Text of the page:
Blunt Helps Introduce Bill to Uphold Navigable Waters Protection Rule

WASHINGTON – Today, U.S. Senator Roy Blunt (Mo.)
announced that he has joined U.S. Senator Shelley Moore Capito (W.Va.), Ranking
Member of the Senate Environment and Public Works Committee, and 31 of their
Senate colleagues in introducing legislation to protect Missouri’s farmers,
small businesses, and property owners by codifying the 2020 Navigable Waters
Protection Rule (NWPR).

Under the Biden administration, the Environmental Protection
Agency (EPA) and U.S. Army Corps of Engineers are promising to replace the NWPR
with a new rule that goes even further than the Obama-era Waters of the United
States (WOTUS) Rule. If the NWPR is replaced, the EPA could go as far as to
regulate ditches on private lands and converted croplands, which could
ultimately inflict severe harm upon the agriculture, construction, home
building, forestry, mining, and energy sectors of our economy.

“The Obama administration’s WOTUS rule would have put more
than 99% of Missouri land under the jurisdiction of the EPA and U.S. Army Corps
of Engineers,” said Blunt. “I fought that rule because it would have
dramatically driven up costs on Missouri’s farmers, small business owners, and
property owners. Now, the Biden administration is once again moving toward the
same kind of power grab we saw under WOTUS – but potentially even worse. The
current Navigable Waters Protection Rule, which replaced the WOTUS rule, takes
a much smarter approach to safeguarding our clean water without imposing
excessive, unnecessary burdens on Missourians. I urge my colleagues to support
this bill to stop the Biden administration’s rewrite of the NWPR.”

“The Navigable Waters Protection Rule is clear, commonsense
policy that is in effect in 50 states,” said Capito. “Unfortunately,
President Biden is working quickly to undo this. Replacing this rule with
something like the 2015 illegal WOTUS Rule would completely reframe all water
policy and devastate farmers, manufacturers, and small business owners across
the country—including in West Virginia. We’ve already had enough uncertainty
during this administration, and there’s no need to create more. This
legislation is a critical step in protecting West Virginia from the threat of
yet another overreaching EPA regulation.”

In addition to Blunt and Capito, the legislation is
cosponsored by U.S. Senators John Boozman (Ark.), Tom Cotton (Ark.), Josh
Hawley (Mo.), Kevin Cramer (N.D.), Cynthia Lummis (Wyo.), Jim Inhofe (Okla.),
Roger Wicker (Miss.), Richard Shelby (Ala.), Dan Sullivan (Alaska), Joni Ernst
(Iowa), Lindsey Graham (S.C.), John Barrasso (Wyo.), Bill Hagerty (Tenn.), Jim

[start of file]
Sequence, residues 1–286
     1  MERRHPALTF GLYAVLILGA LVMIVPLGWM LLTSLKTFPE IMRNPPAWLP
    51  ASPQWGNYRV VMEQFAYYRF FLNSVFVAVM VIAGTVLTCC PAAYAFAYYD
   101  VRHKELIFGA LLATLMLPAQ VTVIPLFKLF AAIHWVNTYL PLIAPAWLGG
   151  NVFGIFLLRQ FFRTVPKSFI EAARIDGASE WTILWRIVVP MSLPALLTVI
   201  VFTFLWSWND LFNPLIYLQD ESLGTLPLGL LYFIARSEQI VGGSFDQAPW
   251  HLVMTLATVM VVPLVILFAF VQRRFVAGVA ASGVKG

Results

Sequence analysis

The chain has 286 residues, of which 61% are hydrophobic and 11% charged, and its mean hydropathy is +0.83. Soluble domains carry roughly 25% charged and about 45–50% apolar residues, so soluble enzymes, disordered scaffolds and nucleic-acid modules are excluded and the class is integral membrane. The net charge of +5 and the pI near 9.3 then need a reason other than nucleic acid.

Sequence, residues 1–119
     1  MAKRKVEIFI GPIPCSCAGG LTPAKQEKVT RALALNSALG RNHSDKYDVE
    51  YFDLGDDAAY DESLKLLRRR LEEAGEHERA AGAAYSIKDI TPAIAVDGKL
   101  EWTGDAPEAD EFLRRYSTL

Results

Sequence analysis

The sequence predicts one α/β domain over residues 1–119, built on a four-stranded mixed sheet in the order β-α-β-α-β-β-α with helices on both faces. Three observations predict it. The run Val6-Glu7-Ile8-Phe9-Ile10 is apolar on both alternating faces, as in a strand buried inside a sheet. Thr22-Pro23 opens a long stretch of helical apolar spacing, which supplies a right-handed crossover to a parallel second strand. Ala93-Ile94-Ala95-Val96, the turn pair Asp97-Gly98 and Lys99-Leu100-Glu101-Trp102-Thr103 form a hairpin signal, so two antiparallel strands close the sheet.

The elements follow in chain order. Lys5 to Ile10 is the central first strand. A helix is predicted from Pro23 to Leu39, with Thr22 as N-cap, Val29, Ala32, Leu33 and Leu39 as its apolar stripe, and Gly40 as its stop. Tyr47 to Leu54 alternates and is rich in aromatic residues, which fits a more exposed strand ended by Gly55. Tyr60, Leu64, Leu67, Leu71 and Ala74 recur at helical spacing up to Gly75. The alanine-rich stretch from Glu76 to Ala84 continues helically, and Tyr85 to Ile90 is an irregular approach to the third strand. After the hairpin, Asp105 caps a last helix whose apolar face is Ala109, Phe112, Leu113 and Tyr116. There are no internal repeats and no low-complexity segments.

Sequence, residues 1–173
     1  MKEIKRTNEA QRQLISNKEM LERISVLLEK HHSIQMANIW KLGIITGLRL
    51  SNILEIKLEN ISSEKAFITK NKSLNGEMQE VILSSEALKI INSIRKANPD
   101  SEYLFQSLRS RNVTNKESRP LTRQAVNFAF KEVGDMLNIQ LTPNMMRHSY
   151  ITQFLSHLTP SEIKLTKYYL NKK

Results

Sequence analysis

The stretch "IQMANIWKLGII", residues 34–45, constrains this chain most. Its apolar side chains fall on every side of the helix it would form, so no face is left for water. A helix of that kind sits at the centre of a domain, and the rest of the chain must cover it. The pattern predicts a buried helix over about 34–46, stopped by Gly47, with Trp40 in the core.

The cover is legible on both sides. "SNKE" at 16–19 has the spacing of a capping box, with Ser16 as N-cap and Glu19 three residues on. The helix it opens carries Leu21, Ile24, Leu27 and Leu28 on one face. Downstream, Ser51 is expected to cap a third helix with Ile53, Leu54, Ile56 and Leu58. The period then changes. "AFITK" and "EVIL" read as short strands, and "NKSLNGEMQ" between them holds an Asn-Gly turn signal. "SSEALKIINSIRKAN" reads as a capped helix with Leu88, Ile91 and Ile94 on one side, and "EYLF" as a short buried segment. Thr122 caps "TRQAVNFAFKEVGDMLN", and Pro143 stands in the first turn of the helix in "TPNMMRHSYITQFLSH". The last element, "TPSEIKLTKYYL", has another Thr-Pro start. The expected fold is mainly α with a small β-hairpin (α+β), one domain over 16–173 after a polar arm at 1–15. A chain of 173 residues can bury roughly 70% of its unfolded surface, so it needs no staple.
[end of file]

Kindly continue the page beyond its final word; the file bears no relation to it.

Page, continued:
Risch (Idaho), Roger Marshall (Kan.), Chuck Grassley (Iowa), Richard Burr
(N.C.), Marsha Blackburn (Tenn.), Steve Daines (Mont.), Tim Scott (S.C.), James
Lankford (Okla.), Thom Tillis (N.C.), Jerry Moran (Kansas), Tommy Tuberville
(Ala.), Deb Fischer (Neb.), Mike Rounds (S.D.), Mike Crapo (Idaho), Ted Cruz
(Texas), Ben Sasse (Neb.), John Hoeven (N.D.), and Cindy Hyde-Smith (Miss.).

Click here
to read the bill text.


In 2015, the Obama administration finalized a rule that
expanded the definition of the Waters of the United States, creating confusion
and burdensome red tape for farmers and ranchers, developers, and property
owners. Blunt called on the EPA and U.S. Army Corps of Engineers to abandon the
rule and introduced legislation
to halt it.

In January 2017, Blunt praised the Trump administration’s
move to withdraw
the Obama administration’s WOTUS rule and replace it with a more
commonsense approach. In January 2020, Blunt commended
the Trump administration’s revised rule, known as the Navigable Waters
Protection Rule, that provided much-needed predictability and certainty for
farmers by establishing a clear and reasonable definition of what qualifies as
a “Water of the United States.” Specifically, the NWPR established a definition
that unambiguously identifies four simple categories of jurisdictional waters,
provides clear exclusions for many water features — water features that
traditionally have not been regulated at the federal level — and defines terms
in the regulatory text that have never been defined before. The NWPR also
protects the environment while respecting the cooperative federalism framework
of the Clean Water Act by clearly delineating where federal regulations apply
and giving states and local authorities more flexibility to determine how to
best manage waters within their borders.

On day one of his administration, President Biden signed an executive
rolling back the Trump administration’s action to rescind Obama’s
WOTUS rule and finalize the NWPR. In January, Blunt joined 25 of his Senate
colleagues to introduce a resolution that expresses the need for the U.S. Senate to uphold the NWPR.

Read more about Blunt’s extensive efforts to stop the WOTUS
rule here.


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